I love to tinker and build things. There’s just something about making things yourself that’s fulfilling in a way few other things are. Whether it’s building your own robots, making your own furniture, or just building something fun, the only thing that’s more rewarding than the finished product is getting other people interested and inspired.
Imagine my excitement when I found out a few weeks ago that Minneapolis/St. Paul (MSP) was having a mini Maker Faire on Saturday May 30th, 2015. I’ve always been jealous of other cities that get their own Maker Faire, and now there was one in my backyard. I don’t think I was ever more excited for my kids to get home from school so I could tell them where we were going in a few weeks.
Saturday rolled around and I decided that I not only wanted to share the mini Maker Faire experience with my family, but with anybody else who was interested in such things — whether they’ve never heard of Maker Faire or are multi-city or multi-year veterans. So I live tweeted the event on my twitter account (@benjamenjohnson) with the official hashtag #makerfairemsp.
Following is a taste of the best exhibits we encountered. Surprising me most was the discovery of all of the resources available for creating and making in my local area that I wasn’t aware of. I have linked to these resources below where I’ve been able to find more information.
The first contraption we encountered was Riley Harrison’s Trebuchet of Doom from the the Hack Factory. He was using this gravity powered flinger to fire water balloons across the parking lot at kids who were jockeying to be splashed by the cooling payload.
More Info (The Hack Factory website)
Right next to the Trebuchet, some makers were firing shirts out of a three barrel T-shirt cannon attached to a homemade hovercraft. Unfortunately they didn’t have the hover craft working, but the sound of a bunch of T-shirts being fired 100 yards at a group of kid looking to score a free shirt reminded me of something out of Star Wars.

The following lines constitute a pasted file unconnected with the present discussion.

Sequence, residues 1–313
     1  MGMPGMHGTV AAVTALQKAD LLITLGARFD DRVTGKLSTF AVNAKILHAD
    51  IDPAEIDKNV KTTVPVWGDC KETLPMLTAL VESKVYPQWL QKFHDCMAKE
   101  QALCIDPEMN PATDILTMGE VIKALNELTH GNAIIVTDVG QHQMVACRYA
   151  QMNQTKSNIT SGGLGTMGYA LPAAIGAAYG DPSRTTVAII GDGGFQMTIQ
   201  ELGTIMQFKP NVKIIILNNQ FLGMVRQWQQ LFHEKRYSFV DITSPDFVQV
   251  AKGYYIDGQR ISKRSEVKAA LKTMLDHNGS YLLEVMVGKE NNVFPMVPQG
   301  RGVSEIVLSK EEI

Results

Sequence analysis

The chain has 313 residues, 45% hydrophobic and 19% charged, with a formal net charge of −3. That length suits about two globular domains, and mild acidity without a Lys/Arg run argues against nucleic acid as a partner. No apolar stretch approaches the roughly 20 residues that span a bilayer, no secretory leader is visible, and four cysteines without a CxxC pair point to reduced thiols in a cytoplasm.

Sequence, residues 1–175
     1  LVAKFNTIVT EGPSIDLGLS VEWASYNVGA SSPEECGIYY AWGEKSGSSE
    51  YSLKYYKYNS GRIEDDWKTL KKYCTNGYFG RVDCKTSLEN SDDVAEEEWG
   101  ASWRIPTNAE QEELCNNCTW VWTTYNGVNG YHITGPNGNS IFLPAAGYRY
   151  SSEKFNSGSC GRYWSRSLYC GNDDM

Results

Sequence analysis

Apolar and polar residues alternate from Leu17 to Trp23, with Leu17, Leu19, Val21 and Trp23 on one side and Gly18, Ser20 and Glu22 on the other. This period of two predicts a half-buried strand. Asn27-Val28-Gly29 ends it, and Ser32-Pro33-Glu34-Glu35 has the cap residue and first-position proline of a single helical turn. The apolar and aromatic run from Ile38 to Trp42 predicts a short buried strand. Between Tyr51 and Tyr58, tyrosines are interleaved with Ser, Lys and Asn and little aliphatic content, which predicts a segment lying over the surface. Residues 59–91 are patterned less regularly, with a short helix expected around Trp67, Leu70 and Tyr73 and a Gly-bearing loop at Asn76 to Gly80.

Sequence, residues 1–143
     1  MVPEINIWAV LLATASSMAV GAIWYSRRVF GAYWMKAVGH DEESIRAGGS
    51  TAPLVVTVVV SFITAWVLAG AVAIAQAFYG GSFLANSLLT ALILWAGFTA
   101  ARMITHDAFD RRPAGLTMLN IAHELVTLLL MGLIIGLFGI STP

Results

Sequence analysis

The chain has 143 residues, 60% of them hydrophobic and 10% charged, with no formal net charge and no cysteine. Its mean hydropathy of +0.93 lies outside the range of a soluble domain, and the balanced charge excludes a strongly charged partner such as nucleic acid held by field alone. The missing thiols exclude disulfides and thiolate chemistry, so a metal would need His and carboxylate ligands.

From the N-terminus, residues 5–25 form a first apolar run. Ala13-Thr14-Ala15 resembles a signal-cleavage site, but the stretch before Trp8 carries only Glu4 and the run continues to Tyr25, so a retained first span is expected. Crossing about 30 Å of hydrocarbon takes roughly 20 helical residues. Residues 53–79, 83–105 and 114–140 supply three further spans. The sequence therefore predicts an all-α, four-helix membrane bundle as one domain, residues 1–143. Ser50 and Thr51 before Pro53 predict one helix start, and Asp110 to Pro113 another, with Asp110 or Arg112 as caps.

Further into the Faire, I spotted this Cooking with Hard Drives exhibit by Greg Olson. He recycles hard drives, more specifically the shiny and reflective data platters, and old satellite dishes, repurposing them into solar cookers. If you take a close look at the picture you’ll see a pair of Vise Grips locking pliers holding the can at the focal point.
REcharge Labs sponsored a build you own solar powered boat station. Kids would start with a piece of foam and use rubber bands to attach solar cells and motors. Then they could test their designs in a big water trough next to the booth.
As you can see, my daughter’s design needed a little work. After watching her design spin around, my son decided that a dual-prop boat was the way to go.
More Info (REcharge Labs website)
Robots 4 U had the robotics kits that they use in their robotics classes on display. But the big hit was the several pre-built remote controlled robots the kids could play with.
More Info (Robots-4-U website)
You never know what you’ll find around the next corner. I spotted a man demoing some sort of weird saw horse system. It turns out it was the TriHorse, a modular sawhorse that knocks down for portability and can be used as a stable platform for many different operations, including support for table saws and miter saws.
More Info (Basswood Modular website)
Best Buy sponsored a large booth which they set up a few different tech products like Little Bits, WowWee MiP Robots, and Samsung Gear VR. After watching the little WowWee self balancing robots for a while, my son gravitated towards the Little Bits tables.
Little Bits are circuit modules that allow for easy connection of components like LEDs, batteries, potentiometers, light flashers, motors, servos and more. All of the circuit elements align and snap together with built-in magnets, making it quick and simple for anyone to create a fun and working circuit in a jiffy.
Each table had a set of Little Bits and a stack of cards, with each card presenting a different problem for you to solve. For instance, the card pictured above asks you to connect 3 Little Bits together to achieve the action on the card.